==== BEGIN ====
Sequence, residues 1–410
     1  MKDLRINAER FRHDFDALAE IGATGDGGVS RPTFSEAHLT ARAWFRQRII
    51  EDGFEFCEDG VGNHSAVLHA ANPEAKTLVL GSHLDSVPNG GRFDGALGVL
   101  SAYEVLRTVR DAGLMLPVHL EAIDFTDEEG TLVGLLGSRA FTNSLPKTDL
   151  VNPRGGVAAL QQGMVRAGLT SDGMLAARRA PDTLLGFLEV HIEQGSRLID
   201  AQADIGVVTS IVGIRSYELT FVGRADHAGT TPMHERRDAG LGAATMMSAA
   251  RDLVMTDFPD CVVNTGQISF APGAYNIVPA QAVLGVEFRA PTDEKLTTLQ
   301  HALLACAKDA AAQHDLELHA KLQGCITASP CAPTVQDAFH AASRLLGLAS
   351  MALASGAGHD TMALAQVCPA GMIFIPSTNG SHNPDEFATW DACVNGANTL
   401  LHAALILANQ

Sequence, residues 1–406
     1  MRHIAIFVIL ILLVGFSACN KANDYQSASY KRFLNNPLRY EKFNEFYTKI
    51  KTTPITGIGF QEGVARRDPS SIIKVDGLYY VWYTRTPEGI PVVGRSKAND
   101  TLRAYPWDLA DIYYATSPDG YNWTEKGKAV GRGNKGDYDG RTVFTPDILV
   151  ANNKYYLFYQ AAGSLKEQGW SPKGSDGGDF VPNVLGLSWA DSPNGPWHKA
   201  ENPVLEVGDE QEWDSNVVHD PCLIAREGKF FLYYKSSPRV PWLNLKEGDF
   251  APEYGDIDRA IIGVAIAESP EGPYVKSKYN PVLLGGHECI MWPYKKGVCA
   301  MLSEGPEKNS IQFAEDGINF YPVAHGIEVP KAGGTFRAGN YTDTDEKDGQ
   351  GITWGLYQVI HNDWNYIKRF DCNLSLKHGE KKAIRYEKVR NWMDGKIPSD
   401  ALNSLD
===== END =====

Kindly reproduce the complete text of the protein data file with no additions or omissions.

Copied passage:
Sequence, residues 1–410
     1  MKDLRINAER FRHDFDALAE IGATGDGGVS RPTFSEAHLT ARAWFRQRII
    51  EDGFEFCEDG VGNHSAVLHA ANPEAKTLVL GSHLDSVPNG GRFDGALGVL
   101  SAYEVLRTVR DAGLMLPVHL EAIDFTDEEG TLVGLLGSRA FTNSLPKTDL
   151  VNPRGGVAAL QQGMVRAGLT SDGMLAARRA PDTLLGFLEV HIEQGSRLID
   201  AQADIGVVTS IVGIRSYELT FVGRADHAGT TPMHERRDAG LGAATMMSAA
   251  RDLVMTDFPD CVVNTGQISF APGAYNIVPA QAVLGVEFRA PTDEKLTTLQ
   301  HALLACAKDA AAQHDLELHA KLQGCITASP CAPTVQDAFH AASRLLGLAS
   351  MALASGAGHD TMALAQVCPA GMIFIPSTNG SHNPDEFATW DACVNGANTL
   401  LHAALILANQ

Sequence, residues 1–406
     1  MRHIAIFVIL ILLVGFSACN KANDYQSASY KRFLNNPLRY EKFNEFYTKI
    51  KTTPITGIGF QEGVARRDPS SIIKVDGLYY VWYTRTPEGI PVVGRSKAND
   101  TLRAYPWDLA DIYYATSPDG YNWTEKGKAV GRGNKGDYDG RTVFTPDILV
   151  ANNKYYLFYQ AAGSLKEQGW SPKGSDGGDF VPNVLGLSWA DSPNGPWHKA
   201  ENPVLEVGDE QEWDSNVVHD PCLIAREGKF FLYYKSSPRV PWLNLKEGDF
   251  APEYGDIDRA IIGVAIAESP EGPYVKSKYN PVLLGGHECI MWPYKKGVCA
   301  MLSEGPEKNS IQFAEDGINF YPVAHGIEVP KAGGTFRAGN YTDTDEKDGQ
   351  GITWGLYQVI HNDWNYIKRF DCNLSLKHGE KKAIRYEKVR NWMDGKIPSD
   401  ALNSLD